Caring for Your Parents: How to Reclaim the Good Old Times
Once you've adopted this firefighting mentality about your parent's needs, you'll need a whole new set of strategies like the ones below to deal with the emotional wreckage that piles up along the way.
Surrender to the emotional grinder.
"The thing that galls me most about caring for my mother," one woman told me, "is that she's the only one who gets a morphine drip." The emotional pain suffered by caregivers is intense—and unlike the elderly, caregivers are expected to live through it. With every new issue your elderly relative develops, you'll head into the emotional grinder called the grief process: bargaining, anger, sadness, acceptance, repeat.
Grieving, like physical caretaking, differs from case to case. If you had a troubled relationship with an aging parent, expect to spend lots of time in the anger stage. Use this time to clean your emotional closet. Explore the anger with a therapist. Journal it. Process it with friends. Clean the wounds.
On the other hand, if your declining parent was your main source of emotional support, you'll find yourself spending lots of time in sadness. You'll feel as though it's killing you. It won't. As Naomi Shihab Nye wrote, "Before you know kindness / as the deepest thing inside, / you must know sorrow / as the other deepest thing.... / Then it is only kindness / that makes sense anymore...."
As the grieving process scrapes along, you'll learn to offer kindness to everyone: your aging relative, the people of your village, yourself. When you snap under stress and begin to rail at Nana, God, yourself, and the cat, you'll learn to be kind to yourself anyway. At that point, you'll find relief and an unexpected gift: laughter.
Nourish a sick sense of humor.
A morbid sense of humor isn't listed in any official guides to eldercare, but to the caregivers I interviewed, it is like oxygen. Take, for example, Meg Federico's memoir Welcome to the Departure Lounge. Federico's wry portrayal of her mother's senescence is both sad and hilarious. Without belittling her mother or her stepfather, Walter, both of whom suffered dementia, Federico recounts conversations like this one:
"I can't seem to find my keys," Walter told Mom. "Say, do you have them?"
"Oh, don't worry about keys, dearest. We don't need them. We can jump out the window and fly home."
"What?" said Walter. "You can fly? I never knew."
"So can you, but you have to take your shoes off."
To Walter's credit, he was not convinced.
Just acknowledging that this is funny makes it tolerable. Cracking up can keep caregivers from, well, cracking up.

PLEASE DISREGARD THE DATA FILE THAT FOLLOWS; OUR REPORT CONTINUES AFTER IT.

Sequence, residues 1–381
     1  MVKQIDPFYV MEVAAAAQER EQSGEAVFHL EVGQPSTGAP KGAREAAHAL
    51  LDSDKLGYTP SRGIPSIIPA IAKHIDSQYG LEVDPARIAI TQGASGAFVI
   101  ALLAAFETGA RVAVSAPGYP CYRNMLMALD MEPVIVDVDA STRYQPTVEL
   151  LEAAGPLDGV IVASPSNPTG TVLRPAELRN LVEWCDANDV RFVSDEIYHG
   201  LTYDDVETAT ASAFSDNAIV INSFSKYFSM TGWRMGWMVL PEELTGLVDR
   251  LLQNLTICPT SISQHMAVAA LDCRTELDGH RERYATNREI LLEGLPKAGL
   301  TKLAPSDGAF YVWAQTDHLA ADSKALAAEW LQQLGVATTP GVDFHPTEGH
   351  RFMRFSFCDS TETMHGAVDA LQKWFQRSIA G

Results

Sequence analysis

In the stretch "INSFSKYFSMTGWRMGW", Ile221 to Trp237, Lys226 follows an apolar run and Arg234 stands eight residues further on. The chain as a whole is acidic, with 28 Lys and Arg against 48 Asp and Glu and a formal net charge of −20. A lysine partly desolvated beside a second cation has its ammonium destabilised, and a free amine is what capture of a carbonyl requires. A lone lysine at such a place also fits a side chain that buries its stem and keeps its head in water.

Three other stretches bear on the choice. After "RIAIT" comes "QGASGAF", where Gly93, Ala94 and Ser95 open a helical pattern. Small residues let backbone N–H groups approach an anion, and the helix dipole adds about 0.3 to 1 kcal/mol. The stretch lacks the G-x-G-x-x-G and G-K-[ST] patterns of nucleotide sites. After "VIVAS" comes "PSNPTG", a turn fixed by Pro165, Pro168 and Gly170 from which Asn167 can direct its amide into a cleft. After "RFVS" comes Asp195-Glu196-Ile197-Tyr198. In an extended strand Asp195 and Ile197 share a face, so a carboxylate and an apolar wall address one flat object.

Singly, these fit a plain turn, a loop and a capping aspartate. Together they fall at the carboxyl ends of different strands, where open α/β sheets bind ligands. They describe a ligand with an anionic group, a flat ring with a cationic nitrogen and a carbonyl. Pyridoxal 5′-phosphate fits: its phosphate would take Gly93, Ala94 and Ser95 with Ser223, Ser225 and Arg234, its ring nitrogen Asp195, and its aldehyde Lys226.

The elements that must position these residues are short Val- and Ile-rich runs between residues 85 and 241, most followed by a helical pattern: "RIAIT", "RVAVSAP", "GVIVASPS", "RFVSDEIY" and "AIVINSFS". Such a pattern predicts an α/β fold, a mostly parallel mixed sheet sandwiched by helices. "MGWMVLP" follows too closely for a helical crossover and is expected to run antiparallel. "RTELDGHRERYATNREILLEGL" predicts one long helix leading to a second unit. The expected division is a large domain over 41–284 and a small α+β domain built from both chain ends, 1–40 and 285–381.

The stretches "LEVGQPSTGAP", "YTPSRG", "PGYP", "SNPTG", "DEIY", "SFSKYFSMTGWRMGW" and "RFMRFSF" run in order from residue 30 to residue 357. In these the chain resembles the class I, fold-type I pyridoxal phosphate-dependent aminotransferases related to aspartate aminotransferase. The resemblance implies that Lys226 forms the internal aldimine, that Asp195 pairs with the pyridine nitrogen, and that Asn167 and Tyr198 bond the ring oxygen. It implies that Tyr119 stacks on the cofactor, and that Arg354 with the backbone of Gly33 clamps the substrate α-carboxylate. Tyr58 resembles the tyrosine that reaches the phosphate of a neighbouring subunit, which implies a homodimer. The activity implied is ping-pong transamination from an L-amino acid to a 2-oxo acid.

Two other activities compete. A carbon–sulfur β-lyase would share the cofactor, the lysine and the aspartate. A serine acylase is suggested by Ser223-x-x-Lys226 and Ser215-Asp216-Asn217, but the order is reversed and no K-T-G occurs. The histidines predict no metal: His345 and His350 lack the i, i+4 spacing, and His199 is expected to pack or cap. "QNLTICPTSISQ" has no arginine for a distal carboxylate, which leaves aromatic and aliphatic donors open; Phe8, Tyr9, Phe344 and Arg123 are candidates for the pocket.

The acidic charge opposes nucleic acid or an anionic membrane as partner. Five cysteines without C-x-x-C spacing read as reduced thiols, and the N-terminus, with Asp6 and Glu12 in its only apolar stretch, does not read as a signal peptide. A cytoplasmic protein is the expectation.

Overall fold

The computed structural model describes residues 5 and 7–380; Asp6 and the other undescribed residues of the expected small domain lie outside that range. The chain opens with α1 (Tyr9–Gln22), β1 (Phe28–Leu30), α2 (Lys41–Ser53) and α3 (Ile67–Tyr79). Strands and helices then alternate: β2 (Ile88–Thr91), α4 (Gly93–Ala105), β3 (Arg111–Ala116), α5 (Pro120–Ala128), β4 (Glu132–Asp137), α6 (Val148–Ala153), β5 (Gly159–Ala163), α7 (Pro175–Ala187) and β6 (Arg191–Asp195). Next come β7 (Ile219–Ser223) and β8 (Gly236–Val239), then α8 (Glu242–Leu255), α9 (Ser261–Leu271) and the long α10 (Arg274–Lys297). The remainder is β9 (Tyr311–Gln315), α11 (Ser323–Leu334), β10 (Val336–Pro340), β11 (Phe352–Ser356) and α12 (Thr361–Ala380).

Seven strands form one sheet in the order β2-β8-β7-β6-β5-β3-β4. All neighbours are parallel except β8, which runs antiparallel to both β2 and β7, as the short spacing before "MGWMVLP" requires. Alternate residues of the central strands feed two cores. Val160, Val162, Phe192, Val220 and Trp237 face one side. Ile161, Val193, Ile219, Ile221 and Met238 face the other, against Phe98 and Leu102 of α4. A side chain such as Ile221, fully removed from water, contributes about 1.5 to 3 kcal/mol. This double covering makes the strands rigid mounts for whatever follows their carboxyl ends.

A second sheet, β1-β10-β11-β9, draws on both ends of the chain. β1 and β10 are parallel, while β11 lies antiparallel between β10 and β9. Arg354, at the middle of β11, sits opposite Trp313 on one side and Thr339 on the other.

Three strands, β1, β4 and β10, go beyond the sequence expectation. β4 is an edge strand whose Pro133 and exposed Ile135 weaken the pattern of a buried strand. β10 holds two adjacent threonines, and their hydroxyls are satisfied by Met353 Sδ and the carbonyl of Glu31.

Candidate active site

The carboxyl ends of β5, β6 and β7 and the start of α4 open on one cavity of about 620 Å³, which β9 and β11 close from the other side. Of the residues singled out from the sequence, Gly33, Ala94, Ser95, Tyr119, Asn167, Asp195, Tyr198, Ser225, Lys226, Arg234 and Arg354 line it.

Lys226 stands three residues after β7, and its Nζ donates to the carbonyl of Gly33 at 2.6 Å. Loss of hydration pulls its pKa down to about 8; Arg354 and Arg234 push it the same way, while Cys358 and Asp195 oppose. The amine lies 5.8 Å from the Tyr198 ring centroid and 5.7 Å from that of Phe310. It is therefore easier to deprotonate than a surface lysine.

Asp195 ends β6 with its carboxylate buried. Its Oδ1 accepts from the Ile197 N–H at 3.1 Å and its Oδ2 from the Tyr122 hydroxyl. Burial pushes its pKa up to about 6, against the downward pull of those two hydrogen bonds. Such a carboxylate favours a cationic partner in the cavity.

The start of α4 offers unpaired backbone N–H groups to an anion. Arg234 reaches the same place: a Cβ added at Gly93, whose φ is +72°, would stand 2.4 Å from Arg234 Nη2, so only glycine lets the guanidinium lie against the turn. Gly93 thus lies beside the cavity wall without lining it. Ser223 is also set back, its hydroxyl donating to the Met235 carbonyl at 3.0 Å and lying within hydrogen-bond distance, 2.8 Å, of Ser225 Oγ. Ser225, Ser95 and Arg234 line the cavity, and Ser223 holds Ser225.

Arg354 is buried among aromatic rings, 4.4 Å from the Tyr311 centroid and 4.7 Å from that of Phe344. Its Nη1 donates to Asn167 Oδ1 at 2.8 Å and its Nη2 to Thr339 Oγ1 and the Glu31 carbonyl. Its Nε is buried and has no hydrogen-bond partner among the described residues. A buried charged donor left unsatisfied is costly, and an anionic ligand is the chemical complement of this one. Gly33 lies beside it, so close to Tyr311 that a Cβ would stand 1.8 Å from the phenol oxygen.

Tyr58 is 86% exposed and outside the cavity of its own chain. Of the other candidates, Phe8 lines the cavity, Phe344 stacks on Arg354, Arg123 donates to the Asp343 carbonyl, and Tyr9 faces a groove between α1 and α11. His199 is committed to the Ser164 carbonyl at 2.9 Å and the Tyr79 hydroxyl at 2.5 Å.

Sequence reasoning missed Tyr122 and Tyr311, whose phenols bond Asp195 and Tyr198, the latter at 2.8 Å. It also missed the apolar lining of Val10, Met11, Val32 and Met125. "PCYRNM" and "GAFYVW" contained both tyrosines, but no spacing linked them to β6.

"Bill and I are training his dad to 'go toward the light,'" said my friend Anne, whose father-in-law no longer recognizes his family. "Any light we see—lamps, flashlights, the TV—we steer him over there. We figure he can use the practice."
Of course, Anne isn't serious. Not being serious is how she and Bill are surviving. If you can't train your elder to go toward the light, you can make light of the situation. And sometimes, that light becomes splendiferous.
Ponder the nature of existence.
There's nothing like caring for the elderly to help you face your own mortality. Many caregivers told me that their experience was dissolving, through simple drudgery, their fear of death. Pulitzer Prize–winning psychologist Ernest Becker wrote that the denial of death underlies all evils, and that we must drop this denial to live fully. The caregivers I interviewed would agree.
"Fear of death was my biggest obstacle in life," said Polly. "To help my dad, I have to get past it. He's showing me how to die, which is really helping me live."
Other caregivers went further. They said that as they watched the door close on their loved one's physical identity, a door to the metaphysical slowly opened.
"I don't believe in an afterlife, but as my mother died, I truly understood that being dead is no more frightening than being asleep, which I love."
"As my husband's body was failing, he became almost translucent. I went right through my own pain and felt the most intense peace. I can still find that."
"Just before my grandmother died in surgery, I heard her voice saying, 'I'm leaving now, but you'll be fine.' I've been less anxious about everything ever since."
This is why traditional cultures value even the most fragile, disoriented elder, why the Navajo carry "Grandmother's bones" with such reverent attention. Even as you grapple with the logistical and psychological stress of eldercare, there will be moments when you find yourself on the "blessing path." Rather than a long day's journey into night, you'll feel yourself making a long night's journey into day: through fear and confusion to courage and wisdom. Receive this gift, the final one your parents can offer before they take off their shoes, jump out the window, and fly home.
Martha Beck is the author of six books. Her most recent is Steering by Starlight (Rodale).